In theory, a ruling in January by Dame Elizabeth Butler-Sloss, president of the High Court division, protecting the adult identities of Robert Thompson and Jon Venables was so far-reaching that anyone who discovers and reveals the identities of the youths even to their own spouse faces prison. No one in the media is allowed discuss what they look like, or whether they had retained their 'Scouse' accents.
Allan Levy QC says that the injunction on the Bulger case is the most sweeping of its kind – on paper.
In reality, however, there is plenty of scope for the secrets to come out. The remit of Dame Elizabeth's order does not run to the media outside Britain and there is, of course, the internet, the quickest and easiest way to disseminate any information.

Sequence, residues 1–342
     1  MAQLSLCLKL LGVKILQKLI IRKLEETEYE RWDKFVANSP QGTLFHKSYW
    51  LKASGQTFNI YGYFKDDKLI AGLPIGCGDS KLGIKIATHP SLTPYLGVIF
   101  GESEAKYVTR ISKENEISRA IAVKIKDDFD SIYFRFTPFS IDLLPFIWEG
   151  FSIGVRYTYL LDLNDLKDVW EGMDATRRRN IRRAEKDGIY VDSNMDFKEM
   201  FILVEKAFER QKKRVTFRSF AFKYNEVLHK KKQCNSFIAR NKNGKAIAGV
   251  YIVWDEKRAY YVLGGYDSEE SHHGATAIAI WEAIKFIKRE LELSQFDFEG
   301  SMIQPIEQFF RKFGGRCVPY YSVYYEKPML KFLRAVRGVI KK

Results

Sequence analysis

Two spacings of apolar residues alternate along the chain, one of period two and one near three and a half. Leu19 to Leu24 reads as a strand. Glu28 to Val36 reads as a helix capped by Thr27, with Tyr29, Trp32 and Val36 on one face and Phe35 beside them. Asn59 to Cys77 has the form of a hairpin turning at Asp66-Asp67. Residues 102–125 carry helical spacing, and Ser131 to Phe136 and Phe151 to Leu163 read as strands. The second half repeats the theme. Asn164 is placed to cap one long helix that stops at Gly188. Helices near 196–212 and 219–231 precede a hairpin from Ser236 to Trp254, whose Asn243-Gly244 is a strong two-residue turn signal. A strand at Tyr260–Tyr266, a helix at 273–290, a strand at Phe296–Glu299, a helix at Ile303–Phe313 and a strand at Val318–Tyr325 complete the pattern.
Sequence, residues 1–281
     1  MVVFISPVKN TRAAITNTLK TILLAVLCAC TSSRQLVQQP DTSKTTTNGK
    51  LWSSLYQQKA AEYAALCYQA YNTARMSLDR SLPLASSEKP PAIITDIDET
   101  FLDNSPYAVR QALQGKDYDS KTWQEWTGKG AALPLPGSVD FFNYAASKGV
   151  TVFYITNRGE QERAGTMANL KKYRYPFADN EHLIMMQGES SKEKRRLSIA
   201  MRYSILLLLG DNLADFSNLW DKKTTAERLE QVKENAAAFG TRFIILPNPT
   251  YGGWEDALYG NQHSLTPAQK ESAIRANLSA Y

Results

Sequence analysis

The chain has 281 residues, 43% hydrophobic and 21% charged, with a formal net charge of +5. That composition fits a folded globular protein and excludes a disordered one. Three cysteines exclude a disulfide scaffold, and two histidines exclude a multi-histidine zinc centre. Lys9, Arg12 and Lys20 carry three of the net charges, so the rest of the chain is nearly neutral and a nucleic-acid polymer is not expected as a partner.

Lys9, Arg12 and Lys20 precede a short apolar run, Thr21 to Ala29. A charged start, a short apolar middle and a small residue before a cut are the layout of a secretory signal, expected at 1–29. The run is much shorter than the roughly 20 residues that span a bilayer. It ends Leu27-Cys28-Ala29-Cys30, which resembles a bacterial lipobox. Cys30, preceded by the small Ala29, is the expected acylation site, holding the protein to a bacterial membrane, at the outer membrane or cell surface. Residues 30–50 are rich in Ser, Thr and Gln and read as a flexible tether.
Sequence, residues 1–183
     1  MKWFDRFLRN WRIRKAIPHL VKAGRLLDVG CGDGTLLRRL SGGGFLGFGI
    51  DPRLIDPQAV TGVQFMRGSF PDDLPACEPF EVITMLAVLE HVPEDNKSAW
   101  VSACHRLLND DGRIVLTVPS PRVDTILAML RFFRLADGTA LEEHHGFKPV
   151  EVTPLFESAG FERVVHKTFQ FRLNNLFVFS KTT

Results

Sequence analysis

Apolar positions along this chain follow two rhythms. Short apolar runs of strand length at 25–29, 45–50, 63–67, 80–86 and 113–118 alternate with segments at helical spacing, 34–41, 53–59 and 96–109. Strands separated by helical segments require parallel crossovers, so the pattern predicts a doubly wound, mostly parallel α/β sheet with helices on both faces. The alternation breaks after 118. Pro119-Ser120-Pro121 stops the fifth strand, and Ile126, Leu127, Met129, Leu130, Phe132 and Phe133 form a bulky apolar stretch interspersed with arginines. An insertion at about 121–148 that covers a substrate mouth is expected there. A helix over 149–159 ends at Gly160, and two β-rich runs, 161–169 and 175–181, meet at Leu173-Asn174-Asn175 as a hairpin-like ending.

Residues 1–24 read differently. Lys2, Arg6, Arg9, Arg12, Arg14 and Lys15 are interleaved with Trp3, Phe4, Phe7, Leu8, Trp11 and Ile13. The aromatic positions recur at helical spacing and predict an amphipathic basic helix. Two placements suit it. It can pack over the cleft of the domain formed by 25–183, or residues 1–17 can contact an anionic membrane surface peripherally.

A recent photograph of Thompson already exists. It was taken by a security camera while he was out of his secure unit as part of his rehabilitation process, and has been passed round by e-mail. Copies can be seen in Liverpool pubs and bars.
There are wild rumours to fuel the sense of outrage at the "early" release. Thompson and Venables, and their families, are said to have the choice of either emigrating to new lives in Canada or Australia, or living in luxury in this country. If they choose the latter, it is said, they will be given detached houses with gardens, cars, cash every week and credit cards. In fact Thompson and Venables will experience a very truncated form of freedom.Reuse content